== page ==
Amendment (b) to Lords amendment No. 75 and amendment (b) to Lords amendment No. 128 have been linked—very tenuously—to a part of the financial penalties provisions that prevents penalties from being applied retrospectively. The amendment tabled in another place was purely technical.

The amendments to the Lords amendments are an attempt to reintroduce a provision that penalties shall be limited to cases of recklessness and intent, similar to the Competition Act 1998 restriction to cases of negligence and intent. The Government have resisted amendments to that effect throughout the passage of the Bill, on the ground that the onus should be on companies to comply with their licence conditions and that such an amendment would work against the interests of consumers.

As my noble Friend Lord McIntosh explained in another place, there are valid precedents for our approach, such as the National Lottery Act 1998 and the Broadcasting Acts 1990 and 1996, which were introduced under the previous Administration. Those Acts provide for the relevant regulatory authority to impose financial penalties for contraventions of licence conditions. They do not provide get-out clauses for companies that breach their licences without negligence or intent. There are good reasons for the approach that the Government have adopted.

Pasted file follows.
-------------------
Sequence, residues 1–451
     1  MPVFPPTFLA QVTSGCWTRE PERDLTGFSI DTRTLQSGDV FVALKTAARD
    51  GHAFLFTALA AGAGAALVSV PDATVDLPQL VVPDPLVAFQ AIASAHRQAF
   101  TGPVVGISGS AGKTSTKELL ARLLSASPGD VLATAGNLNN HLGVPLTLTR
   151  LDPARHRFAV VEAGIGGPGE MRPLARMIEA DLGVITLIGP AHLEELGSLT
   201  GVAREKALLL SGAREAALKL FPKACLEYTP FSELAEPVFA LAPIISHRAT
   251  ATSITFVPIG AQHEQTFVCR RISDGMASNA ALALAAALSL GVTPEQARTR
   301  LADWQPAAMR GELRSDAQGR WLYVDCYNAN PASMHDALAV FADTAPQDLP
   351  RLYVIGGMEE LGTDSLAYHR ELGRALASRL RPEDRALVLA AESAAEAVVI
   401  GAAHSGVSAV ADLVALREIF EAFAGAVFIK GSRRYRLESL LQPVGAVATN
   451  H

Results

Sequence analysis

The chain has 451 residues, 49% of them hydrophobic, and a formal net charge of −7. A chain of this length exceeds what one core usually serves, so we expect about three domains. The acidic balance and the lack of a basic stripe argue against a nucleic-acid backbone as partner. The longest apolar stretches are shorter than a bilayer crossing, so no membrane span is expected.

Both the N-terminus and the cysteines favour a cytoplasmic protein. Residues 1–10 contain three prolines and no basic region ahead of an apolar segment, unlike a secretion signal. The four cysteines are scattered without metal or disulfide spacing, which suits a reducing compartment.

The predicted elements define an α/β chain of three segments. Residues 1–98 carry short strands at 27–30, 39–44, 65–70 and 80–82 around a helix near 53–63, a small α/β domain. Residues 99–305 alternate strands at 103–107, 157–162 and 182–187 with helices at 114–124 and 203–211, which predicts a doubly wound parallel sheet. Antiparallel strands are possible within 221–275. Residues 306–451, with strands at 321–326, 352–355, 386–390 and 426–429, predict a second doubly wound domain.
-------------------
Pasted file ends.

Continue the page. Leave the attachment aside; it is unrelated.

We hold to the view that the onus should be on the licence holder to maintain compliance, especially when the consumers concerned cannot move to another service provider, as is the case with the electricity transmission and distribution companies and the gas transporters.